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Judaean coin, showing  a bunch of grapes.

1 Maccabees 16

The First Book of Maccabees describes the struggle of the Jews for religious, cultural, and political independence against the Seleucid king Antiochus IV Epiphanes and his successors, who were Greeks and sympathized with the hellenization of Judah. Although it can not be denied that the book is biased, it is certainly not the worst of all historical studies from Antiquity. The final chapter of 1 Maccabees is offered here in the Revised Standard version; an introduction and the first chapter can be found here.
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Coin of the Seleucid king Antiochus VII Sidetes or Euergetes.
Antiochus VII Sidetes
John went up from Gazara and reported to Simon his father what Cendebeus had done. And Simon called in his two older sons Judas and John, and said to them: "I and my brothers and the house of my father have fought the wars of Israel from our youth until this day, and things have prospered in our hands so that we have delivered Israel many times. But now I have grown old, and you by His mercy are mature in years. Take my place and my brother's, and go out and fight for our nation, and may the help which comes from Heaven be with you."

So John chose out of the country twenty thousand warriors and horsemen, and they marched against Cendebeus and camped for the night in Mode'in. fEarly in the morning they arose and marched into the plain, and behold, a large force of infantry and horsemen was coming to meet them; and a stream lay between them. Then he and his army lined up against them. And he saw that the soldiers were afraid to cross the stream, so he crossed over first; and when his men saw him, they crossed over after him. Then he divided the army and placed the horsemen in the midst of the infantry, for the cavalry of the enemy were very numerous. And they sounded the trumpets, and Cendebeus and his army were put to flight, and many of them were wounded and fell; the rest fled into the stronghold.

At that time Judas the brother of John was wounded, but John pursued them until Cendebeus reached Kedron, which he had built. They also fled into the towers that were in the fields of Azotus, and John burned it with fire, and about two thousand of them fell. And he returned to Judah safely.

Now Ptolemy the son of Abubus had been appointed governor over the plain of Jericho, and he had much silver and gold, for he was son-in-law of the high priest. His heart was lifted up; he determined to get control of the country, and made treacherous plans against Simon and his sons, to do away with them.

Now Simon was visiting the cities of the country and attending to their needs, and he went down to Jericho with Mattathias and Judas his sons, in the one hundred and seventy-seventh year, in the eleventh month, which is the month of Shebat[Seleucid Era; 21 January 134]The son of Abubus received them treacherously in the little stronghold called Dok, which he had built; he gave them a great banquet, and hid men there. When Simon and his sons were drunk, Ptolemy and his men rose up, took their weapons, and rushed in against Simon in the banquet hall, and they killed him and his two sons and some of his servants. So he committed an act of great treachery and returned evil for good.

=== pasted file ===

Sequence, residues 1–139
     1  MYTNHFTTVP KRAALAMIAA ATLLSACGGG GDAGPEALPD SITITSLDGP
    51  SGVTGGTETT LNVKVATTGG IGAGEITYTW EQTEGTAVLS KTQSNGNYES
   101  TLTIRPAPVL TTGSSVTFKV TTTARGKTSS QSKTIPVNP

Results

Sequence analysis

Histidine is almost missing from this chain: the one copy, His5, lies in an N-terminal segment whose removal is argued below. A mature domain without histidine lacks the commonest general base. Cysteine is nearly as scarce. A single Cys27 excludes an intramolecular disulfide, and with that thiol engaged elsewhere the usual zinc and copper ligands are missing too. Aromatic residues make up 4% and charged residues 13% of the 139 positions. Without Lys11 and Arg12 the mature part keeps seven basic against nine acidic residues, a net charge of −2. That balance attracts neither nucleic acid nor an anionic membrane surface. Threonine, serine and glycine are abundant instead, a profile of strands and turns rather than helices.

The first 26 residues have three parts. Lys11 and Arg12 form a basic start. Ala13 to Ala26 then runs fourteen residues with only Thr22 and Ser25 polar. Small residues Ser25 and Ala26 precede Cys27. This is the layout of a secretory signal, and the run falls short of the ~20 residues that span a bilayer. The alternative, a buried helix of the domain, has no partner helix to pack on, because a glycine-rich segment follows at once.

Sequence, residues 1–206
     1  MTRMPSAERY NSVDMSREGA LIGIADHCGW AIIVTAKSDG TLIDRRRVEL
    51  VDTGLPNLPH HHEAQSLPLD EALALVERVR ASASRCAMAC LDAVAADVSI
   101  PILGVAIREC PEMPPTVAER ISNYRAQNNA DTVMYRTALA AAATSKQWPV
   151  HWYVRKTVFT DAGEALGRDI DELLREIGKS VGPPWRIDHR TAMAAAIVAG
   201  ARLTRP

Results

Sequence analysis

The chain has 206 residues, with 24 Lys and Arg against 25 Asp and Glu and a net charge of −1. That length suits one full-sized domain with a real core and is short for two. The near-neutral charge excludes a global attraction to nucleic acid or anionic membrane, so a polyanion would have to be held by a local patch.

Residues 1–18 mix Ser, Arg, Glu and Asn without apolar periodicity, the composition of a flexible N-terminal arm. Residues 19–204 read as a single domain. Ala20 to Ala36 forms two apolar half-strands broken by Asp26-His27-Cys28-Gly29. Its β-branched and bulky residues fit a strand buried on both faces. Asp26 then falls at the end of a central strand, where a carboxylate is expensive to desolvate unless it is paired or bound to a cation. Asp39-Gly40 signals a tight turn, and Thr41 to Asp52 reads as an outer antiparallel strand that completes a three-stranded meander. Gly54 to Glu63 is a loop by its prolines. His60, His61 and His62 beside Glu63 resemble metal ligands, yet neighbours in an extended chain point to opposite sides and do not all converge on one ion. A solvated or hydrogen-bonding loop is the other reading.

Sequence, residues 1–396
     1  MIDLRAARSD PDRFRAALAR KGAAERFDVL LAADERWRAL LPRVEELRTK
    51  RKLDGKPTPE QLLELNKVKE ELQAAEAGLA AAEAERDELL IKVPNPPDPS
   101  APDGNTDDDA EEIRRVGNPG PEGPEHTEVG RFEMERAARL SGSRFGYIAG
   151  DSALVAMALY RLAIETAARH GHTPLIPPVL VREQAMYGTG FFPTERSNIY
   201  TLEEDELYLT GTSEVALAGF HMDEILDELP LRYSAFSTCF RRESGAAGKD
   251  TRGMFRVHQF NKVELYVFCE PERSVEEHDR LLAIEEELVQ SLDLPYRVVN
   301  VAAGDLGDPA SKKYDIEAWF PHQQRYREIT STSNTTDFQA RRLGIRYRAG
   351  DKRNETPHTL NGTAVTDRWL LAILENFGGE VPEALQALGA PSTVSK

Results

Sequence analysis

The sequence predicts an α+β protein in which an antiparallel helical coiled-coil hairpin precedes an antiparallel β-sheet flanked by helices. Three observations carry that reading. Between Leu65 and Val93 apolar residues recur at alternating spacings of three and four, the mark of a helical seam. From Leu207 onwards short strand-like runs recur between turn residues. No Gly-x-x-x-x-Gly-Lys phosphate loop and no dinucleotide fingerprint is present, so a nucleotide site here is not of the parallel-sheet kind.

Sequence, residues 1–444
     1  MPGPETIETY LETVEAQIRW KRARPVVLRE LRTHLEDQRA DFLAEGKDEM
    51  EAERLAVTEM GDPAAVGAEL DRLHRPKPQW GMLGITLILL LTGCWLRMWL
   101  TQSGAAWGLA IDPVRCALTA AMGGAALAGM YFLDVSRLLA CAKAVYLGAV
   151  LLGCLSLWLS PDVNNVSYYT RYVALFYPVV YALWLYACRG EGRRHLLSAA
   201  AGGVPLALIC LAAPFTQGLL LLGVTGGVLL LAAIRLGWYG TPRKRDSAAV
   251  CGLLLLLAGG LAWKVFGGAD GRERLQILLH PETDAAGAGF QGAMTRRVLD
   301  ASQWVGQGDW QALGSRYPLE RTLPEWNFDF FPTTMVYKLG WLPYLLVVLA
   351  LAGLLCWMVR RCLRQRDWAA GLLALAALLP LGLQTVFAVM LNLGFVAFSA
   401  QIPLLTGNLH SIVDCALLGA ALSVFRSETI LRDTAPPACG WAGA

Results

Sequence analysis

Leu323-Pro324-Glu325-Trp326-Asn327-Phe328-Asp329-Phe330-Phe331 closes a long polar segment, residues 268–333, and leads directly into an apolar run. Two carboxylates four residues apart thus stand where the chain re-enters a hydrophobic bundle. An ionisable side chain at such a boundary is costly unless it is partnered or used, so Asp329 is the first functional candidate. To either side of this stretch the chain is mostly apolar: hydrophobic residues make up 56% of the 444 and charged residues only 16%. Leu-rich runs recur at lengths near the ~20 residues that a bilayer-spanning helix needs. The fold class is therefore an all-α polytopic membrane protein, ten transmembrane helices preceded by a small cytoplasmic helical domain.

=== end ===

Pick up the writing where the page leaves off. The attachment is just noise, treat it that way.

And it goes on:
Then Ptolemy wrote a report about these things and sent it to the king, asking him to send troops to aid him and to turn over to him the cities and the country. He sent other men to Gazara to do away with John; he sent letters to the captains asking them to come to him so that he might give them silver and gold and gifts; and he sent other men to take possession of Jerusalem and the temple hill. But some one ran ahead and reported to John at Gazara that his father and brothers had perished, and that "he has sent men to kill you also."

When he heard this, he was greatly shocked; and he seized the men who came to destroy him and killed them, for he had found out that they were seeking to destroy him.

The rest of the acts of John and his wars and the brave deeds which he did, and the building of the walls which he built, and his achievements, behold, they are written in the chronicles of his high priesthood, from the time that he became high priest after his father.[1]

Note 1:
John, surnamed Hyrcanus, immediately had to cope with an invasion by king Antiochus, who besieged Judaea. In the end, he recognizesd John as high priest and did not interfere with the Jewish religion. For this behavior, he is sometimes called Euergetes, 'benefactor'.

Online 2006
Latest revision: 6 December 2006

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